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Fact Sheet

FOR IMMEDIATE RELEASE
June 22, 2008

Contact: HHS Press Office
(202) 690-6343

Product Safety in the Americas

The United States is one of the most open markets in the world and it enjoys strong trade partnerships with the nations of Central America. Consumers in the United States are better off because they have a wide variety of products from across the world to choose from. Last year the United States imported nearly $2 trillion of goods through more than 825,000 importers. As nations around the world grapple with a rapidly growing global marketplace, it becomes increasingly important to establish accepted standards for products that will ensure consumers are getting the quality goods they expect and deserve.

Increasing Protection of American Consumers

President Bush established the Import Safety Working Group on July 18, 2007. Chaired by HHS Secretary Mike Leavitt and comprised of 12 US government departments and agencies, the group was asked to conduct a comprehensive review of the U.S. import system and identify ways to further increase the safety of imports entering the United States. As part of his continuing efforts to improve the safety of products, Secretary Leavitt is visiting the countries of Central America to learn more about how these countries are ensuring consumers’ standards are met.

Central American Product Safety Forum

On June 24, 2008, Secretary Leavitt, Health Ministers, other senior government officials and industry leaders from Guatemala, Honduras, El Salvador, Costa Rica, Nicaragua, Panama and the Dominican Republic will gather in El Salvador for the Central American Product Safety Forum. At the forum, they will be welcomed by President Elias Antonio Saca of El Salvador and participate in four panel discussions on product safety. The goal is to engage these strong trade partners in a dialogue to discuss the common commitment to safe food and consumer products and to establish methods to enhance product safety.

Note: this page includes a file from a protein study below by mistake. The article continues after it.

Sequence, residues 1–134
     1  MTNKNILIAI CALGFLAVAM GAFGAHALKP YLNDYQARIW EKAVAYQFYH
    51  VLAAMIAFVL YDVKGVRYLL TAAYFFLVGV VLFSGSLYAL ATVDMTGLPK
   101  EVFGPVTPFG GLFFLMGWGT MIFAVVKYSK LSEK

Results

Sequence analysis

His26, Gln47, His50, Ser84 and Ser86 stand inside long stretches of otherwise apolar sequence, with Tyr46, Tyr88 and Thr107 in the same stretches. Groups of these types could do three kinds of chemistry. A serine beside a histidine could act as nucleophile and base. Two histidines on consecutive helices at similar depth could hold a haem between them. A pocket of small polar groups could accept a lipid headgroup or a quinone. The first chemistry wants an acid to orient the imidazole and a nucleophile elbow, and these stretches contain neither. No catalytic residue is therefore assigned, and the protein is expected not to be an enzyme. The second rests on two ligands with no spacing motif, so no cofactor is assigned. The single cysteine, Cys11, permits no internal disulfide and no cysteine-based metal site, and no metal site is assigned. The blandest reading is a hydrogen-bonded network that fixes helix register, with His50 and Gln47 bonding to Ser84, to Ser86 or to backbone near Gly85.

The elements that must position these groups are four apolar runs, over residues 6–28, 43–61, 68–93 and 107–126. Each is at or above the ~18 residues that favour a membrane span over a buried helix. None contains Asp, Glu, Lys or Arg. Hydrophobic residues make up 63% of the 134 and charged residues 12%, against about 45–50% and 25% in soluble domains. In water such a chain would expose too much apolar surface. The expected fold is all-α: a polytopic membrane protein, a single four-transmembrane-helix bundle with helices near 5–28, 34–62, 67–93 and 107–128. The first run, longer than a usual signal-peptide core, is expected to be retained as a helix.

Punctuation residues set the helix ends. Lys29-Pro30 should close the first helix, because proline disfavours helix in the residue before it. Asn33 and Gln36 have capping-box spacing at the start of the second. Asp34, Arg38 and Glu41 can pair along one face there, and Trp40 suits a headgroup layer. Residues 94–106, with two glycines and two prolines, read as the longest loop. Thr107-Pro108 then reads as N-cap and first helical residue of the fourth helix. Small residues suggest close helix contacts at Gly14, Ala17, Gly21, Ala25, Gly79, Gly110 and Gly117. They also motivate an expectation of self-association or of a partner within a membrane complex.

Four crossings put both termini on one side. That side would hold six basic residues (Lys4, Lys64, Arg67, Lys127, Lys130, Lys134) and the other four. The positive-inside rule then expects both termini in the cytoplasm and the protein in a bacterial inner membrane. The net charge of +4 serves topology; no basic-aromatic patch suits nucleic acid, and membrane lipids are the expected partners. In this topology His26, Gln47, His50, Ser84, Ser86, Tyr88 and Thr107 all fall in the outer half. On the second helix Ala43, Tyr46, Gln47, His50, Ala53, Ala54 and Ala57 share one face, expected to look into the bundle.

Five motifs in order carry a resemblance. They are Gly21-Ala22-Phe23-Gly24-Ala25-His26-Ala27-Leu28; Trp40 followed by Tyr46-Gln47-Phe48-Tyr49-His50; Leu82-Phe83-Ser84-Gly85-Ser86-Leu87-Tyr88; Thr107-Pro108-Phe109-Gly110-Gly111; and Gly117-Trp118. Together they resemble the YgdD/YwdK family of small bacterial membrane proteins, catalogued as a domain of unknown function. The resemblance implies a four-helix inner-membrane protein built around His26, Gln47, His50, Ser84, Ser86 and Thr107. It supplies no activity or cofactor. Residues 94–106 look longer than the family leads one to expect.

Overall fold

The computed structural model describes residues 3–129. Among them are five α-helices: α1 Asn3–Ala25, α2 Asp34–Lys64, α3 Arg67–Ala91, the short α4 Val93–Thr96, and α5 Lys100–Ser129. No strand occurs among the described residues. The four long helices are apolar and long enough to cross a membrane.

Participating Countries and Top Products Imported by the United States in 2007 (Figures from the U.S. Census Bureau)

Guatemala– The United States imported more than $3 billion worth of goods from Guatemala in 2007. The top imports were cotton apparel and household goods at $1.11 billion; fruits and preparations, including frozen juices at $452 million; and green coffee at $309 million.

Honduras – The United States imported more than $3.9 billion worth of goods from Honduras in 2007. The top imports were cotton apparel and household goods at $1.74 billion; parts and accessories at $809 million; and apparel and household goods (textiles other than cotton and wool) at $397 million.

El Salvador – The United States imported more than $2 billion worth of goods from El Salvador. The top imports were cotton apparel and household goods at $1.02 billion; apparel and household goods (textiles other than cotton and wool) at $457 million; and industrial and organic chemicals at $157 million.

Costa Rica – The United States imported more than $3.9 billion worth of goods from Costa Rica in 2007. The top imports were fruits and preparations, including frozen juices at $839 million; scientific, medical and hospital equipment at $580 million; and computer accessories, peripherals and parts at $412 million.

Nicaragua – The United States imported more than $1.6 billion worth of goods from Nicaragua in 2007. The top imports were cotton apparel and household goods at 781 million; apparel and household goods (textiles other than cotton and wool) at $177 million; and parts and accessories at $165 million.

Panama – The United States imported more than $365 million worth of goods from Panama in 2007. The top imports were fish and shellfish at $102 million; U.S. goods returned and reimports at $95 million; and nonmonetary gold at $30 million.

Dominican Republic – The United States imported more than $4.2 billion worth of goods from the Dominican Republic in 2007. The top imports were cotton apparel and household goods at $575 million; apparel and household goods of textiles other than cotton or wool at $450 million and scientific, medical and hospital equipment at $414 million.

For more information about U.S. efforts to improve product safety, visit: http://www.importsafety.gov/.

HHS News Release: Secretary Leavitt Travels to México and Central America to Advance Product Safety Efforts